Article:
To improve those numbers, Alamo built pathways with four-year institutions that map their courses to bachelor’s degrees. Alamo also reduced the student-advisor ratio from 900:1 to 350:1, required that every student see an advisor to get and stay on a program map, and initiated that advising sooner. Though it sounds like a simple solution, internal infrastructure had to be reimagined, data and other capacities had to be developed, and multiple transfer partnerships renegotiated. Alamo also strengthened the pipeline and built strong dual enrollment and early college partnerships that got thousands more local students connected to college.
As a result of this systemic reform approach, Alamo experienced a rapid increase in graduation and transfer outcomes both overall (+19%) and for students of color (+20%). This was accompanied by a 24% enrollment increase over the last decade.
Working directly with employers: Lake Area Technical College
In 2019, there were 4.4 million unemployed or underemployed 16- to 24-year-olds in the U.S. who were not enrolled in school—a segment of the population often referred to as “opportunity youth.” As recent worker shortages have pushed wages up for those without a college degree, some opportunity youth have turned to jobs that can now pay up to $20 an hour or more, as with fast food jobs in some urban areas. People employed in these jobs may not see the advantage of an education that will help them begin a career with growth potential. Yet data show that these young people could improve their lives with a high-quality community college credential, and that not receiving one will likely have negative effects on their already vulnerable families and communities. Until colleges can credibly demonstrate—and communicate—the advantages of education, these workers won’t be motivated to overcome affordability and access barriers to attending.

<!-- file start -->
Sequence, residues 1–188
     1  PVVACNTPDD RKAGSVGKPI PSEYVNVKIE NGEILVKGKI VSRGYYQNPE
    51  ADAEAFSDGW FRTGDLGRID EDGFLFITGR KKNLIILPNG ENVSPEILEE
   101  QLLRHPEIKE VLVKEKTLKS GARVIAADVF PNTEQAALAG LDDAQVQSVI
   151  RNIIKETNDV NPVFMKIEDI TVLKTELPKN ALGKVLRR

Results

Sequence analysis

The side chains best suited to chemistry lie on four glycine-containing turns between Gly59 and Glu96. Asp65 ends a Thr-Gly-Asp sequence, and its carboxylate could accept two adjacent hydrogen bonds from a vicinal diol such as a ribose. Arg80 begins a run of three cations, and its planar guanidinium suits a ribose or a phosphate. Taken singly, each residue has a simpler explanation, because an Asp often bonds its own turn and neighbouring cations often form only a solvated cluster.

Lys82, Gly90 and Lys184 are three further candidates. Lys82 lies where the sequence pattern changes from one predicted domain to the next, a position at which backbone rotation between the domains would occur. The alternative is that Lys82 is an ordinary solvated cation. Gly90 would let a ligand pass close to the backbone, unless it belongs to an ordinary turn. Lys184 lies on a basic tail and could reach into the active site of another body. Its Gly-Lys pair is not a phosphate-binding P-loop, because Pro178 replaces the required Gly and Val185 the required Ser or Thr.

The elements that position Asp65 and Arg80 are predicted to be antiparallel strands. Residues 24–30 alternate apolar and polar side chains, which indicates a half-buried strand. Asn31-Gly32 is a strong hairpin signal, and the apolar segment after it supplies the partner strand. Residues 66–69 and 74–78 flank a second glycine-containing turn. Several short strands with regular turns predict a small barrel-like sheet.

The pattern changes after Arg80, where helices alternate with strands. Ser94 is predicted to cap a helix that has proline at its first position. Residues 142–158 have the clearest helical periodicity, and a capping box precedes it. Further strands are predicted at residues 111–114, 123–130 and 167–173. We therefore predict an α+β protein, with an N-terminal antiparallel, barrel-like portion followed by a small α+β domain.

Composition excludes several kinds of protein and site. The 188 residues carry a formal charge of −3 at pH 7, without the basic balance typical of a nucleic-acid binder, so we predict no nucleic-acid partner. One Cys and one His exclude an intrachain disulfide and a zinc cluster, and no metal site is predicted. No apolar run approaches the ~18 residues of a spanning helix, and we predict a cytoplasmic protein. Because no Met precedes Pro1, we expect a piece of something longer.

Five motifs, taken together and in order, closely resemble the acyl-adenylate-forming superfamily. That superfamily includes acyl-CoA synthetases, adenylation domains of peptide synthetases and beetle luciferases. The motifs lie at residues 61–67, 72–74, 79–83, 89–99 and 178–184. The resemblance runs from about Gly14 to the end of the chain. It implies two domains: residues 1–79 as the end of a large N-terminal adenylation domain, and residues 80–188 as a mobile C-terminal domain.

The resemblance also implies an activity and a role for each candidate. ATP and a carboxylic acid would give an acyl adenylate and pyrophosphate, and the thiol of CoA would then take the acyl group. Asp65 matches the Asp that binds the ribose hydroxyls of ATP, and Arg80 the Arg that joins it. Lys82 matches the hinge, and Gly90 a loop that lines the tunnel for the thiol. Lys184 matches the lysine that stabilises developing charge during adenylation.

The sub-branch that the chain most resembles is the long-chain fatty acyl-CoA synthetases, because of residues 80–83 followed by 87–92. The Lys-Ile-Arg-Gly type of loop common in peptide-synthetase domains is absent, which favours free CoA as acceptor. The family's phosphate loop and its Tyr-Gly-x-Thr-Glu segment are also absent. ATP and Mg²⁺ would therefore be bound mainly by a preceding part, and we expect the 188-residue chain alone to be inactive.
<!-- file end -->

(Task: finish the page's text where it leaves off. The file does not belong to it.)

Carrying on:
Lake Area Technical College, a small rural college in the midwest and the winner of the 2017 Aspen Prize, has been able to earn the trust of its community by becoming a source of talent for employers and ensuring jobs for graduates. Of the 76% of students that complete Lake Area’s programs in three years, 99% are employed a year after graduation. To boot, Lake Area alumni make 27% more than other new graduates in the region. Why? Because the students are prepared for work—and prepared for the right jobs. Lake Area leaders work closely with employers to make sure there is demand for their graduates. All students participate in work-based learning to build the actual skills employers are looking for in employees. Students move through structured, cohort-based programs that are consistently tailored to evolving industry needs. Students stay on track at Lake Area, and they complete, get jobs, and succeed. These students are a living testimony to the promise of higher education in their communities. Delivering value has been good for enrollments too, which have increased 61% over the last decade, from about 1,600 students to more than 2,600.
What do these colleges have in common? Their success in graduating students with degrees that have value in the labor markets—degrees that change lives—earned them the Aspen Prize for Community College Excellence, a million-dollar award granted every two years to the best colleges in the nation. At the College Excellence Program, we are proud to support and promote effective approaches like these, so that other colleges can make good on the promises they make to students. The Aspen Prize is what enables our program to find and elevate these solutions.
On April 20, we will announce the winner of this year’s Aspen Prize. It will be awarded to another college leading the way in delivering on their promises: life-changing educations, community-building solutions, and society-supporting talent.